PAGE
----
Intelligence of Things

Can Regulating Wearables Protect Data Privacy?

The Intelligence of Things (IoT) has become a fixture of everyday life, with more than 14 billion connected devices expected to be in use by the end of 2019. However, as IoT continues to proliferate in more industries and use cases, concerns about data privacy have quickly followed, with consumers and lawmakers raising concerns about attacks from bad actors.

In the April Intelligence of Things Tracker™, PYMNTS explores the latest security efforts from providers to crack down on fraud, and the emerging use cases where IoT tech can be applied — if consumers are willing to give it a chance.

Developments from Around the IoT World

Recently, some developers in the IoT space have been exploring the use of blockchain technology to secure connected devices, and bring transparency to transactions and data collection. To aid in blockchain implementation, Nevada-based company Filament recently released the Blocklet Foundation Kit, which provides IoT developers and programmers with hands-on experience in developing blockchain systems.

Meanwhile, the U.S. Congress has unveiled new legislation to meet the growing security concerns around IoT, by introducing a bill that mandates a continually updated list of best security practices for government-issued IoT devices. Another recently introduced piece of legislation aims to protect individuals by regulating facial-recognition cameras.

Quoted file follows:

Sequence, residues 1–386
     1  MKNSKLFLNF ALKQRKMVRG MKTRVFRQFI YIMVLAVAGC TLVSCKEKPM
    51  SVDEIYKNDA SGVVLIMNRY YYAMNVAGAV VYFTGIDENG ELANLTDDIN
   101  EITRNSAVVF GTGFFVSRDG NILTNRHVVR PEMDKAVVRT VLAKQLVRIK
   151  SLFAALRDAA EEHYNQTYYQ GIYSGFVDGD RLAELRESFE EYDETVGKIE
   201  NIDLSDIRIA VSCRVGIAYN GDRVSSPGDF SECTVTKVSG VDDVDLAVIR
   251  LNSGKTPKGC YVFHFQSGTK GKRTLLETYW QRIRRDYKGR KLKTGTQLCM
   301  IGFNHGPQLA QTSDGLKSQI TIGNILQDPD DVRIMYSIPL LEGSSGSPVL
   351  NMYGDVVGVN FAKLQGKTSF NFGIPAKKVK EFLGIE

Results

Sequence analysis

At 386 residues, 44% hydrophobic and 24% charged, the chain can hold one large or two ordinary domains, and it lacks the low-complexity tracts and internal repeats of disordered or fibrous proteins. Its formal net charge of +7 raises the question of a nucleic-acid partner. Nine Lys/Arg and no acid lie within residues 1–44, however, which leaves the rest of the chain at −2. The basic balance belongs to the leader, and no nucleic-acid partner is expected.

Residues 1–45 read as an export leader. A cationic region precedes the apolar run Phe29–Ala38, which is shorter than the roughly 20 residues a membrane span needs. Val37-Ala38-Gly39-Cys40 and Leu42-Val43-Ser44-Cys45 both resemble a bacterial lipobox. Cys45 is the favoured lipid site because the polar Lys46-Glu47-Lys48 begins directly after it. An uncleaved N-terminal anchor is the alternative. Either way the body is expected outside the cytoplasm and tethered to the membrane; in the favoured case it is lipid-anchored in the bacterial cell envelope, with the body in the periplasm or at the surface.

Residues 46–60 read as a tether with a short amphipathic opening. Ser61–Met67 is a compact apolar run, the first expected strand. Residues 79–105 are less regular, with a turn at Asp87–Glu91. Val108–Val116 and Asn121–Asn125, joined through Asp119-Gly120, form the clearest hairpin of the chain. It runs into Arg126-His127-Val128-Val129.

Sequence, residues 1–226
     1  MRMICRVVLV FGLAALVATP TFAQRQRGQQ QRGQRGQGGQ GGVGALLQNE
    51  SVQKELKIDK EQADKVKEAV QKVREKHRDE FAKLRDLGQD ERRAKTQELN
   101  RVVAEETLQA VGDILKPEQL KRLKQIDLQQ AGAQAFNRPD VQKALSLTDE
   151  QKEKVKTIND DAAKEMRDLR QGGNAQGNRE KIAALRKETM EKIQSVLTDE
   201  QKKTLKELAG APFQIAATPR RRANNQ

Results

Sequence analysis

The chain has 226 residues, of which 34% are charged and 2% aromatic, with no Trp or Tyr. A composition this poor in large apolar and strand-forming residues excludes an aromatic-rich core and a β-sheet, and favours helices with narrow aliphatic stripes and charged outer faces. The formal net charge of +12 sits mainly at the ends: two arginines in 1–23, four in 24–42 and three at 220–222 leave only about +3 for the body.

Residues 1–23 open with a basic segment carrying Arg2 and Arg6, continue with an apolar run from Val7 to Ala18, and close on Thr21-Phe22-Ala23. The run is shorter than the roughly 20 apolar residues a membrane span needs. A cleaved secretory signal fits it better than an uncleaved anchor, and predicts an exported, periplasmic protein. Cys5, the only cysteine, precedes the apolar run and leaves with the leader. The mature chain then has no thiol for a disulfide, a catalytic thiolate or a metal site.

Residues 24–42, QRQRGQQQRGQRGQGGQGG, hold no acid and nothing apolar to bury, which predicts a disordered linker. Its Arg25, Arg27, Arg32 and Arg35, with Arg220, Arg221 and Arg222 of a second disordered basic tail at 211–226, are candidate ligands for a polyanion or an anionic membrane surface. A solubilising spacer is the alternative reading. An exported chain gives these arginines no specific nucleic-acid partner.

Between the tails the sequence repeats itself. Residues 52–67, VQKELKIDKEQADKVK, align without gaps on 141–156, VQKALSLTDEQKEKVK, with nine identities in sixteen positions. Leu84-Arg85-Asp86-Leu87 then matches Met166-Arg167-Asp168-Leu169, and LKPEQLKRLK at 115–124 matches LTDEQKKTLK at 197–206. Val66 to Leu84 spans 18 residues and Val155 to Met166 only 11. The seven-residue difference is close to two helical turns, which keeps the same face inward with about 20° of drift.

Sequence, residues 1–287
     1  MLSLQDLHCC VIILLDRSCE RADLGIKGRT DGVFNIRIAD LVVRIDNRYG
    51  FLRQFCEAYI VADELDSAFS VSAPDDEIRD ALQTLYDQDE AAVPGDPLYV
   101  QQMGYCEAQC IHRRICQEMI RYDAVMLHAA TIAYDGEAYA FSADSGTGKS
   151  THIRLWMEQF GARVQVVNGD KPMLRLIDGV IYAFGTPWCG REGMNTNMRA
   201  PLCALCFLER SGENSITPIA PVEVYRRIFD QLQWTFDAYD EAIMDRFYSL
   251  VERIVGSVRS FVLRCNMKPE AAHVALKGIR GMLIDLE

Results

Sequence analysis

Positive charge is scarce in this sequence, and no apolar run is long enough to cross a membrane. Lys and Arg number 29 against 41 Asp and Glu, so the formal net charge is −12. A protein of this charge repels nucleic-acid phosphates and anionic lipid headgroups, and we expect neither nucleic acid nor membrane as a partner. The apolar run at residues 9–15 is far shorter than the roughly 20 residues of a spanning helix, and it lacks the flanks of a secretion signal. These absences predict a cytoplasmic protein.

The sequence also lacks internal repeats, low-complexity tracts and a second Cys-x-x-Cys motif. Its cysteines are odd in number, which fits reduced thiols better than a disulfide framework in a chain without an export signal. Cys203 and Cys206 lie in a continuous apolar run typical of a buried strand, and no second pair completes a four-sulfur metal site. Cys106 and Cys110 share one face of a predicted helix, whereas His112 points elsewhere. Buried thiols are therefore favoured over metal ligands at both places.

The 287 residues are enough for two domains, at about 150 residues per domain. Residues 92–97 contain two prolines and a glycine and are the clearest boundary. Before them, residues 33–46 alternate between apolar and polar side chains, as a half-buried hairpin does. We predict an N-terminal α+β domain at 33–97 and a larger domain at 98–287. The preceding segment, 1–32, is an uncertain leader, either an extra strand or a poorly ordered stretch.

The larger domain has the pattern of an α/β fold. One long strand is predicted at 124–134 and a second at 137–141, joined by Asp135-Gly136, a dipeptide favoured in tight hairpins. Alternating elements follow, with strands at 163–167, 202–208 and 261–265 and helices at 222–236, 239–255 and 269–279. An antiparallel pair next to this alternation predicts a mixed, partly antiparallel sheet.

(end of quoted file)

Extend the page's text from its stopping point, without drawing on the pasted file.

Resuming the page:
While security concerns remain, the IoT market is continuing to expand. IoT-related revenue grew by 15 percent in 2018, according to an industry study. IoT connections — as a percentage of total mobile connections — have also grown significantly, increasing by approximately 30 percent over the last year.

For more on these and other IoT news items, download this month’s Tracker.

How Bonbouton’s Connected Insoles Track Health, While Keeping Data Secure

While IoT has become a valuable tool in the healthcare industry, customers have ample reason to be concerned about the safety of their personal information. According to Linh Le, founder and CEO of IoT healthcare company Bonbouton, which offers a connected shoe insole to help diabetic users track their foot health, simple data security isn’t the end of the story for the healthcare industry. There also needs to be a mutual trust between the company and the customer.

In the feature story, Le discussed how device manufacturers can help foster that trust, and the need for regulation to secure healthcare data and connected devices.

Find the rest of the feature story in the April IoT Tracker.

About the Tracker

The monthly Intelligence of Things Tracker™ highlights the companies leading the way in all aspects of IoT, including data, home, infrastructure, mobile, retail, transportation and wearable applications, among others. It tracks the latest industry developments, concerns, rollouts and regulations, as well as the top players making waves in an increasingly digital space.

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